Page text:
Sonia Terhaag is a Senior Research Officer in the Longitudinal and Lifecourse Studies Research and Analysis team.
Suicidality and help seeking in Australian young people
Suicidality and help seeking in Australian young people
This short article presents research on young people’s suicidal and help-seeking behaviour with implications for practitioners supporting young people
AIFS recognises that each of the numbers reported here represents an individual. AIFS acknowledges the devastating effects suicide and self-harm can have on individuals, their families, friends and communities.
This short article discusses suicide and presents material some people may find distressing. If you or someone you know is feeling depressed or suicidal, please contact one of the following services:
- In an emergency, call 000
- Lifeline: 13 11 14
- Kids Help Line (5–25 years): 1800 55 1800
- Suicide Call Back Service: 1300 659 467
- Beyond Blue: 1800 512 348
- MensLine Australia: 1300 789 978
Suicide is the leading cause of death for young Australians and a national public health priority., Repeat suicide attempts increase the risk for dying by suicide; however, thoughts and behaviours related to suicide often go undetected and unreported. This short article presents the findings of Australian longitudinal research into suicidality and help-seeking behaviours, and provides strategies to guide practitioners working with young people.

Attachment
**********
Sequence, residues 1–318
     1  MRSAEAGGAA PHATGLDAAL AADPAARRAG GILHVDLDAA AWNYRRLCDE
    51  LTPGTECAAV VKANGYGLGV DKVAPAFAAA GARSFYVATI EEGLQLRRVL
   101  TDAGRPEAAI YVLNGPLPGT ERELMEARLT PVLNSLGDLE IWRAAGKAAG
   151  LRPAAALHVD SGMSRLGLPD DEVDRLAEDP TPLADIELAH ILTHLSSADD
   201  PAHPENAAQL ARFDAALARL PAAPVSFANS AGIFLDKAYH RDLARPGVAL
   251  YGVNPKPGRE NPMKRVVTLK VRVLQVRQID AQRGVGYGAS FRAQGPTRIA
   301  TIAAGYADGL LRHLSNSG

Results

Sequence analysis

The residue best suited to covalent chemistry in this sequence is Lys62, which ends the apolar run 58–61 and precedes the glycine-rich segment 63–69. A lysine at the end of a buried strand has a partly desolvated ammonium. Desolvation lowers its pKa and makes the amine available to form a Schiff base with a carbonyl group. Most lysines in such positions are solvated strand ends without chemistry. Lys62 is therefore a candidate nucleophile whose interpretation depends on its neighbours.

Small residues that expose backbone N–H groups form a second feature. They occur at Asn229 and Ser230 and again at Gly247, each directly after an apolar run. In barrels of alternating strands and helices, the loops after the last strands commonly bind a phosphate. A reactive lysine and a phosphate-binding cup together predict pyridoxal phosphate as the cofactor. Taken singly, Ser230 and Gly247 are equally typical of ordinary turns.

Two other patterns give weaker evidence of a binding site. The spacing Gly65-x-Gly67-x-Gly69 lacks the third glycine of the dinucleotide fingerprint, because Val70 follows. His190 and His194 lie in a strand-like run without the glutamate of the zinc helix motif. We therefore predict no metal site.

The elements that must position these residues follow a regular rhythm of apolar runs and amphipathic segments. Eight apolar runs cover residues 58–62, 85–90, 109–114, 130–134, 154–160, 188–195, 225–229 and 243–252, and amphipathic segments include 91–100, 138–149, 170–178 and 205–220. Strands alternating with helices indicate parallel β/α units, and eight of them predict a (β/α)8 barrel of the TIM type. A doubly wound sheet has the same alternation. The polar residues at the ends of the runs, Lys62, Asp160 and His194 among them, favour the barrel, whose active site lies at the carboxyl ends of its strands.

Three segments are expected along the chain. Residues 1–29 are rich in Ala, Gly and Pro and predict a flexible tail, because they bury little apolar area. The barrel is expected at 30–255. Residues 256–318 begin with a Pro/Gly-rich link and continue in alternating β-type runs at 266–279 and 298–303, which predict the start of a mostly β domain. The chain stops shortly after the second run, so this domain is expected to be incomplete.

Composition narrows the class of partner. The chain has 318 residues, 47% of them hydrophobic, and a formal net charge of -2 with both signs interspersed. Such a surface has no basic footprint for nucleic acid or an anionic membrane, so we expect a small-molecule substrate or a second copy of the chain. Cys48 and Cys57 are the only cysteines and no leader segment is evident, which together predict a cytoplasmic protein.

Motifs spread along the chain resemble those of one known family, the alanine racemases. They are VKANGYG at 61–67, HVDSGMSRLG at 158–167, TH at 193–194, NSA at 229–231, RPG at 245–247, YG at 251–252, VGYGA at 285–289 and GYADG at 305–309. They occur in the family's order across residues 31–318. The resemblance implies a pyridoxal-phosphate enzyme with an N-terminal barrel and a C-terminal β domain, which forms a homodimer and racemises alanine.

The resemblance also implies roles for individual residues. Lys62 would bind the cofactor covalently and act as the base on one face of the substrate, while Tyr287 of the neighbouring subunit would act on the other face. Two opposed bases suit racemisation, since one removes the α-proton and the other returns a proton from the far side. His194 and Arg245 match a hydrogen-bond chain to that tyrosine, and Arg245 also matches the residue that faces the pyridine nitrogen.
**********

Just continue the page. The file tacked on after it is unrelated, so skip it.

What’s the research about?
Between ages 12–18, many young people first start self-injuring and may repeatedly do so.Recorded suicides among Australian children younger than 14 are rare but from 14 years onwards mental health issues, including self-injury, increase. Many young people who think about suicide or hurt themselves do not seek help, and more information is needed on their contact with formal and informal sources of help. Particular groups are known to be at higher risk for attempting suicide in Australia: girls; those from low socio-economic backgrounds; and Indigenous children. , , These groups may require more targeted prevention or intervention. This research identified how many young people struggle with suicidal thoughts or attempt suicide and help seeking for emotional difficulties.